Outlawed: The Naked Truth About Censored Literature for Young People
Arne Nixon Center for the Study of Children’s Literature
Henry Madden Library at California State University, Fresno
April 10-12, 2015
While most people are familiar with attempts to censor children’s and young adult literature, the problem of censorship continues to provoke many who believe that children and adolescents benefit from considering diverse viewpoints and cultural experiences. In recent years, many examples of children’s and young adult literature—including The Perks of Being a Wallflower, And Tango Makes Three, and The Absolutely True Diary of a Part-Time Indian—have been challenged in schools and libraries. This conference seeks to explore the ways in which censorship affects young readers whose parents, teachers, and civic leaders attempt to navigate thorny terrains of identity in a world in which information circulates more freely than ever before.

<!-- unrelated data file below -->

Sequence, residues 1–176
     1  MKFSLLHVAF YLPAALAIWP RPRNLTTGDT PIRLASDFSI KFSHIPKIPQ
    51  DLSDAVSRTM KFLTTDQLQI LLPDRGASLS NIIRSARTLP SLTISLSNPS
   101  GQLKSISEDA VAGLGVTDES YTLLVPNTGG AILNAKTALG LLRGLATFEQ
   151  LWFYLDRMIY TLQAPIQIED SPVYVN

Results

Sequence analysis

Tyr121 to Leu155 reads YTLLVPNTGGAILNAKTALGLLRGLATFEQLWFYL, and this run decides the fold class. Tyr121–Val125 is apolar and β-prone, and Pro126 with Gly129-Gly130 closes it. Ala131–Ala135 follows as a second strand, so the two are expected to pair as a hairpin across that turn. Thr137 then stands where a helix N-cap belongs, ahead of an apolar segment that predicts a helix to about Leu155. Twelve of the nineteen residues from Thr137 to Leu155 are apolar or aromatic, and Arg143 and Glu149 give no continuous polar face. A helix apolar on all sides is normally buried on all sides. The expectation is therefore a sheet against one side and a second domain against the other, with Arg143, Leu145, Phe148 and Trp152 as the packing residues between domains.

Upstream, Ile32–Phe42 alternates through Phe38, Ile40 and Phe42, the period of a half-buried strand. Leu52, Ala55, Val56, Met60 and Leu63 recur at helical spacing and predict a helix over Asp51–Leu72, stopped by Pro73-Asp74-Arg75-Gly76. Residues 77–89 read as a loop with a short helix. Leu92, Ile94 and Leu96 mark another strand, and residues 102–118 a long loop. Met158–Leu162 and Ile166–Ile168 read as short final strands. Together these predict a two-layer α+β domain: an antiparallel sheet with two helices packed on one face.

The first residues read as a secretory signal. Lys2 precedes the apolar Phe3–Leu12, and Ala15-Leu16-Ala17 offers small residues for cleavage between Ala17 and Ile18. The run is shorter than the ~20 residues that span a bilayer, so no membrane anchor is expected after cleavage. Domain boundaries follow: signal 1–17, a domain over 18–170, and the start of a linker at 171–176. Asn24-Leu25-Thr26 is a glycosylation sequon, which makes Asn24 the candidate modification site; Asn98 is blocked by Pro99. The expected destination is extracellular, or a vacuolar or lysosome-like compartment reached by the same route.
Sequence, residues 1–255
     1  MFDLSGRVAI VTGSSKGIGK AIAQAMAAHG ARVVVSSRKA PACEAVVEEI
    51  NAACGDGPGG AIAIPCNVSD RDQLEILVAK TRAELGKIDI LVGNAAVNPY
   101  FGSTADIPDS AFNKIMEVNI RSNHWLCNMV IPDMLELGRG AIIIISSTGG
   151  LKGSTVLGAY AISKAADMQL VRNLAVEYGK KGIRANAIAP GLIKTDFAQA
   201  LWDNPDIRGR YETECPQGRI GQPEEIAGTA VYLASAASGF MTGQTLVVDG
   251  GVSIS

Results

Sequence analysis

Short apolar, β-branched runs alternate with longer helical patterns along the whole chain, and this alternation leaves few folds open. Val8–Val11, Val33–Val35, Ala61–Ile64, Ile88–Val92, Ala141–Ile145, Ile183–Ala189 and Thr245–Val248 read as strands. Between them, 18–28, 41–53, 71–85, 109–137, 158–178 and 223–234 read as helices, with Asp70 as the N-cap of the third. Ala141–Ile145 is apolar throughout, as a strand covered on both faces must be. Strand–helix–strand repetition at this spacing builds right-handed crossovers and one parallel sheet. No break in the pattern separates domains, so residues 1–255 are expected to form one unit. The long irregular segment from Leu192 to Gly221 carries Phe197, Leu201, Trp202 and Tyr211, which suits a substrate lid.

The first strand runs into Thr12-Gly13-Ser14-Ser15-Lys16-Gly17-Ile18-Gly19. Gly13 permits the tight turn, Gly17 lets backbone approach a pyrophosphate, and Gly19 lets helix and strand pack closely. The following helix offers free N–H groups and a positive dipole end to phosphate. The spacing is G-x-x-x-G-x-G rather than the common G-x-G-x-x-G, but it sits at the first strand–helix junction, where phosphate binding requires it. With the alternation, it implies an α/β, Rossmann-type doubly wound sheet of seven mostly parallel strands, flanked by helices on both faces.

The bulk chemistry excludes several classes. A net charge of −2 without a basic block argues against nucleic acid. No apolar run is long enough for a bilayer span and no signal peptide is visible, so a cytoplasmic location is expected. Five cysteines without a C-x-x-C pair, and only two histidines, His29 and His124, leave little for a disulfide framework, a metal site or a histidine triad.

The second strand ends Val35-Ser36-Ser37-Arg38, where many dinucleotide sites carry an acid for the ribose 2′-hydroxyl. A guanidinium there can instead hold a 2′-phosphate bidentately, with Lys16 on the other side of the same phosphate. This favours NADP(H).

This conference will be hosted by the Arne Nixon Center for the Study of Children’s Literature, one of North America’s leading resources for the study of children’s and young adult literature. The growing collection of 60,000 books, periodicals, manuscripts, original art, and papers of authors and illustrators has an international and multicultural emphasis. The Center also houses one of the largest collections of LGBT+ literature for children and young adults in the United States.